By Pamela C. Maloney, J.D.
DMCA did not require proof that Buzzfeed knew that its unauthorized use of a copyrighted photo would lead to future, third-party infringement.
In a case of first impression, the U.S. Court of Appeals for the Second Circuit ruled that in order to succeed on claims under the Digital Millennium Copyright Act, a photographer was not required to prove that an online media company knew that its unauthorized use of a copyrighted photo would lead to future, third-party infringement. In so ruling, the Second Circuit upheld an award of statutory damages in the amount of $8,750 against the online media company, which was based on its determination that the online media company had infringed the photographer’s rights in the photo and had altered or removed the photographer’s copyright management information in violation of the DMCA (Mango v. BuzzFeed, Inc., August 13, 2020, Park, M.).
BuzzFeed, Inc., an online media company, published a news article containing a photograph of Raymond Parker, the lead figure in a discrimination suit brought by federal prosecutors against New York City. The photo, which had been taken by Gregory Mango, a freelance photographer, initially appeared in the New York Post along with the Mango’s name in an attribution known as a "gutter credit." Several months later, BuzzFeed published the photo on its website when a veteran reporter named Gregory Hayes covered a development in Parker’s case. Although Hayes had testified that he had been trained to obtain permission to use photographs and to provide proper attribution for them, he included an unlicensed copy of Mango’s photo with his article. Although the photo did not provide credit to Mango, it did carry a gutter credit naming Parker’s law firm, Fischer & Taubenfeld. Alleging that BuzzFeed used a false credit line with the photo, Mango sued BuzzFeed for copyright infringement and removal or alteration of copyright management information (CMI) under the DMCA. Prior to trial, BuzzFeed stipulated to liability on the copyright infringement count and, after a one-day bench trial, the district court found BuzzFeed liable on the DMCA count. The court awarded statutory damages in the amount of $3,750 for copyright infringement and $5,000 for violation of the DMCA. BuzzFeed appealed, arguing that it believed it had permission to use the photo and that it did not know its conduct would lead to future, third-party copyright infringement.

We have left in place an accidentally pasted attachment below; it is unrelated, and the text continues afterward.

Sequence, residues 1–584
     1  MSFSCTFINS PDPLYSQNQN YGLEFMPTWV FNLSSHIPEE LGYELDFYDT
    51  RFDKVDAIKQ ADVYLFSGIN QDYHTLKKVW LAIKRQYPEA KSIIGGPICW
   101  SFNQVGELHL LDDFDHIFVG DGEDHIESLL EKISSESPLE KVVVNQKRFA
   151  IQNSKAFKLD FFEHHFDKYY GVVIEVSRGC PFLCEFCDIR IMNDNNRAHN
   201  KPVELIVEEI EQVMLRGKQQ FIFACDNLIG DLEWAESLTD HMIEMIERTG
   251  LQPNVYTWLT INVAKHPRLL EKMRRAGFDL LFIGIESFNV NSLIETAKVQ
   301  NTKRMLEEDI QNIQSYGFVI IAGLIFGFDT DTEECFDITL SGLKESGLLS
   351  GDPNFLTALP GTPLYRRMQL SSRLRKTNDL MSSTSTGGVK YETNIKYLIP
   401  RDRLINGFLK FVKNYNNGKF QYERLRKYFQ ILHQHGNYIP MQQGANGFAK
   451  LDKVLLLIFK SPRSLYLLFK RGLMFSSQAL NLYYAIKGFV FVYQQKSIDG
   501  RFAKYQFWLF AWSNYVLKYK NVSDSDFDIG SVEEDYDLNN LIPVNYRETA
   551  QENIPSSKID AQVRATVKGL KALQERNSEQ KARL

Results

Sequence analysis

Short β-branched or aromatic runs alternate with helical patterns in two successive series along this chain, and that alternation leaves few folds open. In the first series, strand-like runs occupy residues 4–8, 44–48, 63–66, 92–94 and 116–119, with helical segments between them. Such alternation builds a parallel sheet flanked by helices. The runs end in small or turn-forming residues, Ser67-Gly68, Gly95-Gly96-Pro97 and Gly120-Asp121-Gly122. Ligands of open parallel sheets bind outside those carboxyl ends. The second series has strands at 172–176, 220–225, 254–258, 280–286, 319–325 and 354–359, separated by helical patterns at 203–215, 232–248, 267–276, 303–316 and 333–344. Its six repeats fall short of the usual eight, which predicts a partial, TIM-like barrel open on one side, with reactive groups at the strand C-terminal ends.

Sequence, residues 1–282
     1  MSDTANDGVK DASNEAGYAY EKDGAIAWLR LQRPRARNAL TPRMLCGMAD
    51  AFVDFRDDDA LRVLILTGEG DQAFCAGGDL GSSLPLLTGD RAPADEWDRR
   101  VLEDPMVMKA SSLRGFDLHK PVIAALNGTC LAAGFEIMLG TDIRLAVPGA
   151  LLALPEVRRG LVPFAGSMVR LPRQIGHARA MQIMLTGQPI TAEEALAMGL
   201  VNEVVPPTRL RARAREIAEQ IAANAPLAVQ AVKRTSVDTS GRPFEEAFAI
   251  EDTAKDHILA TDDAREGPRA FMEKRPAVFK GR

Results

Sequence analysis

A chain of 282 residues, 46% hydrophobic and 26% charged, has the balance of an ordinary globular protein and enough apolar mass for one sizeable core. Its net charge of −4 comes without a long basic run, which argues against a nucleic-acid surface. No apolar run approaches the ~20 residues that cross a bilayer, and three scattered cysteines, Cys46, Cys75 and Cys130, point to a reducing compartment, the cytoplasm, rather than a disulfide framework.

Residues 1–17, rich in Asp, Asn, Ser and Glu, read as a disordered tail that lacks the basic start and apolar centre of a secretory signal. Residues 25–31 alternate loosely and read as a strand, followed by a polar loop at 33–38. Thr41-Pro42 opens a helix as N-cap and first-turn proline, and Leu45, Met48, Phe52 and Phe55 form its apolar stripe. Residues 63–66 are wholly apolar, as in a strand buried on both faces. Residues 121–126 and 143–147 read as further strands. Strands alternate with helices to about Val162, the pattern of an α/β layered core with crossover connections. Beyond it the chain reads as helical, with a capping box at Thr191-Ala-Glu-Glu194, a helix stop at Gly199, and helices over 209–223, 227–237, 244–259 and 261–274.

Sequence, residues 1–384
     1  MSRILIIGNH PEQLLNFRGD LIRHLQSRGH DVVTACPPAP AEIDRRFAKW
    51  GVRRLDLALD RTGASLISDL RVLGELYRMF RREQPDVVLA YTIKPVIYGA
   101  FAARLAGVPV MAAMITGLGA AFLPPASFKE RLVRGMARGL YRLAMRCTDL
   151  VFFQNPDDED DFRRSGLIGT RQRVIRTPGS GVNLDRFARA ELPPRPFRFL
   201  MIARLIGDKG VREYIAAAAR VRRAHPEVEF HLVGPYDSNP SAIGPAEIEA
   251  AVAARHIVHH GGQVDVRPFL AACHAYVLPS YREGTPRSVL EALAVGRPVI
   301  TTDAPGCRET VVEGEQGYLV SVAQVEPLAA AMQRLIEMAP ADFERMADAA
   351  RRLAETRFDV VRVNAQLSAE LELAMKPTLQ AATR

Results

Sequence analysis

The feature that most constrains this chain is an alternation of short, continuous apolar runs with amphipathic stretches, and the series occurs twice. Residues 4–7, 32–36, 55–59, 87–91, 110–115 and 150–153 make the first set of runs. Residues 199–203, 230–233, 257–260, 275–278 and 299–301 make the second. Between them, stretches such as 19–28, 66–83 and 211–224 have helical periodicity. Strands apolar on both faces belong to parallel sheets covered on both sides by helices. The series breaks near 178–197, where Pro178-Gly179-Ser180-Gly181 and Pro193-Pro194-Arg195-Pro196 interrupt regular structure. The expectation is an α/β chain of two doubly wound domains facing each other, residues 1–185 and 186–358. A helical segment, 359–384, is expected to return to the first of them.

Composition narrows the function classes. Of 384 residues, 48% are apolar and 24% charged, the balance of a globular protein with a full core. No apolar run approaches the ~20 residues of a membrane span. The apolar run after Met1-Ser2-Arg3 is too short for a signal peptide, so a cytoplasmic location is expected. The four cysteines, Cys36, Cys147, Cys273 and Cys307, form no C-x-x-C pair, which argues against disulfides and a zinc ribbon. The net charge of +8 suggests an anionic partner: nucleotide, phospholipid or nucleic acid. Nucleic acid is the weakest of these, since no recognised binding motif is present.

Digital Millennium Copyright Act. The question on appeal was whether the DMCA required proof that a defendant knew, or had reasonable grounds to know, that its conduct would lead to future, third-party infringement. According to the Second Circuit, the DMCA required proof that: (1) a defendant distributing copyrighted material had actual knowledge that CMI had been removed or altered without authority of the copyright owner or law; and (2) a defendant knew or had reason to know that distribution of copyrighted material despite the removal of CMI would induce, enable, facilitate, or conceal and infringement. On its face, "an infringement," as used in the DMCA, was not limited by actor or by time, and thus, neither of these scienter provisions required proof that a defendant knew or had reasonable grounds to know, that its conduct would lead to future, third-party infringement, the Second Circuit ruled.
Applying the plain language of the DMCA to this case, the Second Circuit found that the district court correctly determined that BuzzFeed had violated the Act. Specifically, the district court found that Buzzfeed, through Hayes, had distributed the photo knowing that Mango’s gutter credit had been removed or altered without Mango’s permission. In doing so, the district court rejected as not credible Hayes’s claims that he believed he had obtained permission. In addition, Hayes’s testimony that he understood he was required to get permission to use photographs was sufficient to support a finding that by altering the gutter credit to include a false attribution to Fisher’s law firm, BuzzFeed had distributed the photo knowing that doing so would conceal the fact that Hayes did not have authority to use the photo.
Attorney fees. Mango’s request for attorney fees incurred in defending the appeal, which he characterized as "baseless," was denied. According to the Second Circuit, the question presented was one of first impression for the court and involved a relatively novel issue.
This case is No. 19-446-cv.
Attorneys: James H. Freeman (Liebowitz Law Firm, PLLC) for Gregory Mango. Michelle Mancino-Marsh (Arent Fox LLP) for BuzzFeed, Inc.
Companies: BuzzFeed, Inc.
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